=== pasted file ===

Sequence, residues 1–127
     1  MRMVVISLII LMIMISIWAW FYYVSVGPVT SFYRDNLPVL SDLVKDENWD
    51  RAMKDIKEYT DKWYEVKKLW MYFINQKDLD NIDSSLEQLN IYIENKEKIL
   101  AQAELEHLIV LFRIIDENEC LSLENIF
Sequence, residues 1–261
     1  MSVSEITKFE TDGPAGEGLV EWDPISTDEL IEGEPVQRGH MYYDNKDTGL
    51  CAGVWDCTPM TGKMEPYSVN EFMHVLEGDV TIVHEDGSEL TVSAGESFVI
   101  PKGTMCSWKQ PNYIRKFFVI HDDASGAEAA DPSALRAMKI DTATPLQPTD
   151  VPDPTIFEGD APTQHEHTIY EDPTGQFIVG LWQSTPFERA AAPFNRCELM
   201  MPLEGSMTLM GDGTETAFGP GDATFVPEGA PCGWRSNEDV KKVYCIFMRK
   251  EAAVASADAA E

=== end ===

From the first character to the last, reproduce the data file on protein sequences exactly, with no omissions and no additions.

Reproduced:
Sequence, residues 1–127
     1  MRMVVISLII LMIMISIWAW FYYVSVGPVT SFYRDNLPVL SDLVKDENWD
    51  RAMKDIKEYT DKWYEVKKLW MYFINQKDLD NIDSSLEQLN IYIENKEKIL
   101  AQAELEHLIV LFRIIDENEC LSLENIF
Sequence, residues 1–261
     1  MSVSEITKFE TDGPAGEGLV EWDPISTDEL IEGEPVQRGH MYYDNKDTGL
    51  CAGVWDCTPM TGKMEPYSVN EFMHVLEGDV TIVHEDGSEL TVSAGESFVI
   101  PKGTMCSWKQ PNYIRKFFVI HDDASGAEAA DPSALRAMKI DTATPLQPTD
   151  VPDPTIFEGD APTQHEHTIY EDPTGQFIVG LWQSTPFERA AAPFNRCELM
   201  MPLEGSMTLM GDGTETAFGP GDATFVPEGA PCGWRSNEDV KKVYCIFMRK
   251  EAAVASADAA E